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January 2012
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An Alternative View on Executive Bonuses

Executive pay and bonuses have hit the headlines again as we approach the bank bonus season, and politicians from all sides wade in to share their views on how and how much top executives should be remunerated. Rather than debate who is right or wrong, I’d like to share with you some research which provides an alternative model for how we think about the links between reward and performance.

 

The received wisdom has it that people will work harder and perform better if they are to receive a bonus that they spend on themselves. Yet there is also a growing body of evidence from the psychology research literature that shows that it really is better to give than to receive. But what does this mean for bonuses?

 

Michael Norton and colleagues asked this question, examining whether people who received a prosocial bonus (that they then spent on others or donated to charity) differed from their colleagues who received a personal bonus (that they spent on themselves).

 

Compellingly, they did.

 

In Norton’s first study, a group of Australian bank employees who were given a $100 voucher to give to charity reported higher levels of happiness and job satisfaction than their colleagues, who either received a $50 voucher to give to charity, or no voucher at all. Donating the company’s money to charity helped employees feel happier and more satisfied with their jobs. But what about their performance?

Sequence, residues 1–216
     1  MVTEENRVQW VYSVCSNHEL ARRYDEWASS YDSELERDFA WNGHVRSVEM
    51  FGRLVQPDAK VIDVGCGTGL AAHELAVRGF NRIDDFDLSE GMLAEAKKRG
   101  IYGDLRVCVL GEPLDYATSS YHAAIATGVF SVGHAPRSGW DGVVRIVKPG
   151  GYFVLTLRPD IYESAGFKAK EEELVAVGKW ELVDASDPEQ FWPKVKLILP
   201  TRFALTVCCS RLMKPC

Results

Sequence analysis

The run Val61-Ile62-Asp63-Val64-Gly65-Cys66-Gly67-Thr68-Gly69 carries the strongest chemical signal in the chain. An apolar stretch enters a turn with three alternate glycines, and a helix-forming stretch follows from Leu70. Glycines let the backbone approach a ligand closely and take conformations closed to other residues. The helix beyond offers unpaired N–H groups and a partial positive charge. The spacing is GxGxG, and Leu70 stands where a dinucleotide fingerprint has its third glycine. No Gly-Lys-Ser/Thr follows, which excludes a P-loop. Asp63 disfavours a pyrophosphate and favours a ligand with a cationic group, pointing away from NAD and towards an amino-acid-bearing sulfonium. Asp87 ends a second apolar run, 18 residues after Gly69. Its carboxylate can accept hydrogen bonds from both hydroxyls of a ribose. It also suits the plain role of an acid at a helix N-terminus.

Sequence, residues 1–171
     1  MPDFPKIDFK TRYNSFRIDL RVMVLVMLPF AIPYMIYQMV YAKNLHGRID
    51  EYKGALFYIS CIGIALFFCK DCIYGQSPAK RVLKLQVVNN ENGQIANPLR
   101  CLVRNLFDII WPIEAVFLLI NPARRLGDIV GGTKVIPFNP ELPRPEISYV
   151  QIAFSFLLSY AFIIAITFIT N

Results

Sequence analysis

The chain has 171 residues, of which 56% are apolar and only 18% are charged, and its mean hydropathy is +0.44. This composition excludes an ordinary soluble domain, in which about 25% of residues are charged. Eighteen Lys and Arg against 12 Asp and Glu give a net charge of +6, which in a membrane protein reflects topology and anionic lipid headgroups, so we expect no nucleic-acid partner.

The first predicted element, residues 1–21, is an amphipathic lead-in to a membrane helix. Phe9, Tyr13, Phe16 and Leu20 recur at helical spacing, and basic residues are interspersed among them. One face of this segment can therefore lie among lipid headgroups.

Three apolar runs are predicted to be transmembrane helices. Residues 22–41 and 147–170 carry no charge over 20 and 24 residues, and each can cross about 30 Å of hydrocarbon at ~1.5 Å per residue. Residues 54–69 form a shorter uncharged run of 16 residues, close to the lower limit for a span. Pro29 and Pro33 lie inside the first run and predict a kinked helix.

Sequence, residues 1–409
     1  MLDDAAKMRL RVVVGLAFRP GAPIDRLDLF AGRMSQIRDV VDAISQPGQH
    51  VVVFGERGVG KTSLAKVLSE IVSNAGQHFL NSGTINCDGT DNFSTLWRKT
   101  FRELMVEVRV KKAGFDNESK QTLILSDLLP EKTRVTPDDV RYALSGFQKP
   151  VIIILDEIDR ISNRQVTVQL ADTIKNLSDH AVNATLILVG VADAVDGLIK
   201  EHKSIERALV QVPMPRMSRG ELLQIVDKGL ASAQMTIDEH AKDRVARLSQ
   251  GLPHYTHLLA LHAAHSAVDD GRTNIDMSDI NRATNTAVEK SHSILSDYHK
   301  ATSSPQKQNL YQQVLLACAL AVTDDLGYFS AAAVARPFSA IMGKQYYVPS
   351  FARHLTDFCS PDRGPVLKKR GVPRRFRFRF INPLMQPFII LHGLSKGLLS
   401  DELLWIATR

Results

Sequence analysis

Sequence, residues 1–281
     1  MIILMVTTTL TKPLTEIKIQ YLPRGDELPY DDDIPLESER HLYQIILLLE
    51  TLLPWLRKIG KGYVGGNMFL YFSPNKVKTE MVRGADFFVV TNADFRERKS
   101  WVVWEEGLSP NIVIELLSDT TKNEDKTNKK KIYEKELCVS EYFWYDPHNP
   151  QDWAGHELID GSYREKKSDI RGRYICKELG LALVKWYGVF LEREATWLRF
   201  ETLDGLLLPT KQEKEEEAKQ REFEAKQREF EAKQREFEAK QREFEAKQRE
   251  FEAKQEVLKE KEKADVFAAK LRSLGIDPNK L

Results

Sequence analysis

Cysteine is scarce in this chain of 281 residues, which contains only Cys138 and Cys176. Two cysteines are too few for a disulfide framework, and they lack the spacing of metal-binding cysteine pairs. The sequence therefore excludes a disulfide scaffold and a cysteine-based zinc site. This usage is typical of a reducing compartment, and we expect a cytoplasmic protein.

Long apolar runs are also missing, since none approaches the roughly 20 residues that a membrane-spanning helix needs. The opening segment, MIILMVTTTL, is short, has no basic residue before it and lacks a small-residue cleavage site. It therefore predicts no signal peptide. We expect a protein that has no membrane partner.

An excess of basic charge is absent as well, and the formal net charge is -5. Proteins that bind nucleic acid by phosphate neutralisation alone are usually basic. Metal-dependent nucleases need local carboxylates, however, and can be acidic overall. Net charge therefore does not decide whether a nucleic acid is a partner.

To address this, Norton’s second study looked at how prosocial incentives impacted performance. With a sample of Belgian pharmaceutical sales people, and a sample of Canadian dodge ball players, Norton found that prosocial incentives significantly outperformed personal incentives in their impact on team performance.

 

When team members received a prosocial bonus as distinct from a personal bonus, the performance of the team as a whole was significantly higher. For the pharmaceutical sales team, this computed to a significant return on investment: €10 spent on prosocial incentives returned a massive €52 in superior sales performance.

 

So, when it comes to thinking about how to ensure bonuses deliver performance, it seems that prosocial bonuses have the edge. Perhaps Vince Cable could offer a sizable donation to their favourite charity for the first FTSE 350 remuneration committee to adopt this approach?

 

Source: http://rady.ucsd.edu/faculty/seminars/2011/papers/norton.pdf

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